Macaws and Other Long-Lived Birds

Hyacinth MacawsLarge, long-lived parrots usually raise only a few chicks each season, and may not breed every year.  Unlike the species described above, most inhabit environments that offer predictable weather patterns and food sources, and so they can “afford” to spend a great deal of time in imparting survival skills to their young.  Macaws, African Gray Parrots and similar species are, therefore, usually quite tolerant of their youngsters long after they have left the nest.

Mate Choice

Birds can be quite choosy (maddeningly so!) when it comes to mate selection.  This is especially true for macaws, Amazons, African Grays and other long-lived parrots.  Their pair bonds span many decades, so it behooves them to “get it right” the first time (I’ll avoid here the obvious parallels one could draw regarding our own species!).  If you are intent on breeding, it would be prudent to purchase a bonded pair or individuals that mutually groom and spend time near each other.

Some species deviate from the usual “parrot pair model”.  Certain Australian Parakeets, for example, have “difficult” relationships outside of the breeding season…they remain as a pair, but the females become somewhat aggressive towards the males.  In the close confines of captivity, they can make life quite miserable for their unfortunate mates.  As always, research your pet’s natural history thoroughly.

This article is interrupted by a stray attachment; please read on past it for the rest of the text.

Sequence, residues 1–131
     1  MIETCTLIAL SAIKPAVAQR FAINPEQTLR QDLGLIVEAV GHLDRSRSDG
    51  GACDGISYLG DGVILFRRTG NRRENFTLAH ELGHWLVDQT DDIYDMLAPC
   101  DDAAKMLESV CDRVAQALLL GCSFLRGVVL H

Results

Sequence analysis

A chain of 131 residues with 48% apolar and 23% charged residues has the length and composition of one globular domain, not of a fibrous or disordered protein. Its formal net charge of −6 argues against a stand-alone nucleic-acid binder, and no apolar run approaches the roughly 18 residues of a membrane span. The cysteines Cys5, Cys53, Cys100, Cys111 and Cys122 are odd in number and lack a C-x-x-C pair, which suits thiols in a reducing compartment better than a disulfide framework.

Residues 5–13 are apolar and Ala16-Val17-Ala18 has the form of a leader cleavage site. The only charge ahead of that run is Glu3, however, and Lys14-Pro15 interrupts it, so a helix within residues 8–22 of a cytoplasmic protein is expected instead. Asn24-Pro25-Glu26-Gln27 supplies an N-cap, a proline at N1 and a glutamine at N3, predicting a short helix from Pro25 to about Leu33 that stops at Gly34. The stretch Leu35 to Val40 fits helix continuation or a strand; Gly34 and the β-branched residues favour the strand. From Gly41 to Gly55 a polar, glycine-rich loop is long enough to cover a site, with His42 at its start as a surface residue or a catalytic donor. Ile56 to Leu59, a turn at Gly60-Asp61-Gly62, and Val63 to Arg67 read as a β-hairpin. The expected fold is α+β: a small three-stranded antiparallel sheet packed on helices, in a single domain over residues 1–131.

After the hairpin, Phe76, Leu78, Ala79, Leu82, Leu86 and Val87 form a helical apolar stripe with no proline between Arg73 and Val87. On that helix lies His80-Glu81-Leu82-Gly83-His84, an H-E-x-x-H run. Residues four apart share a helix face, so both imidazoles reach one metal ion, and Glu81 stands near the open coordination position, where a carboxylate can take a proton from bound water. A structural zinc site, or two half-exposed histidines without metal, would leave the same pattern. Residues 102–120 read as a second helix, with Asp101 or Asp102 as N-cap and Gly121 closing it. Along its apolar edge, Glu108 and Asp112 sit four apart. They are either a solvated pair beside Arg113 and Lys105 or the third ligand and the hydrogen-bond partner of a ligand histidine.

Further Reading

To read about what behaviors to expect as spring returns, please see Spring’s Effect of Parrots and Other Birds.


Hyacinth Macaw image referenced from wikipedia and originally posted by Snowmanradio
Macaws, Amazons and Conures in Ecuador image referenced from wikipedia and originally posted by Hjallig

The A&E Double Flight Cage: How Much Room Does a Finch Need? Part I

BullfinchIt seems to me that finches are often “short-changed” when it comes to cage space. Their small size, especially when compared to other pet birds, seems to pre-dispose hobbyists to providing equally tiny living quarters. But the facts that a bird “fits” in a cage, and can move about somewhat, does not necessarily mean that we are providing it with an ideal environment.

Cage Size…an Alternative View

Rather than using your pet’s size as a factor in cage choice, I propose instead that you carefully consider its habits and natural history. For example, finches do not climb about as do parrots, and hence cages offer to them much less “useable space”. Whereas a parrot might clamber over every inch of its home – roof included – finches use mainly flying and ground space.

Also, finches explore and will utilize toys, but not to the extent seen in most parrots. They spend more time foraging and otherwise moving about, and hence have little to “occupy themselves” in a small cage… space therefore is key to their well-being.

finchThen too, many finches tend to be high strung, and are ill at ease when closely confined. It is very hard to hand-tame finches, or to induce breeding in tight quarters. As most finches are not given outside flight time, cage size and complexity are important factors in their husbandry.

A Finch Mansion

At just over 5 feet x 2 feet x 5 feet, the A&E Double Flight Bird Cage is the ultimate in luxury housing for finches. Available in 6 colors, it can also be divided to allow for introductions or when separate facilities are otherwise needed.

The .5 inch bar spacing renders this cage ideal for even the smallest of finches, but its design also permits the accommodation of cockatiels, parrotlets, lovebirds and parakeets.

Large Finches and Mixed Species Groups

The Double Flight Cage is an excellent choice for those seeking to provide finches of any kind with additional room, and is perfect for housing larger species such as Gouldian finches, bull finches and Java rice birds.

You can also use this cage to create a striking mixed-species display for compatible birds such as cordon bleus, golden-breasts and painted finches.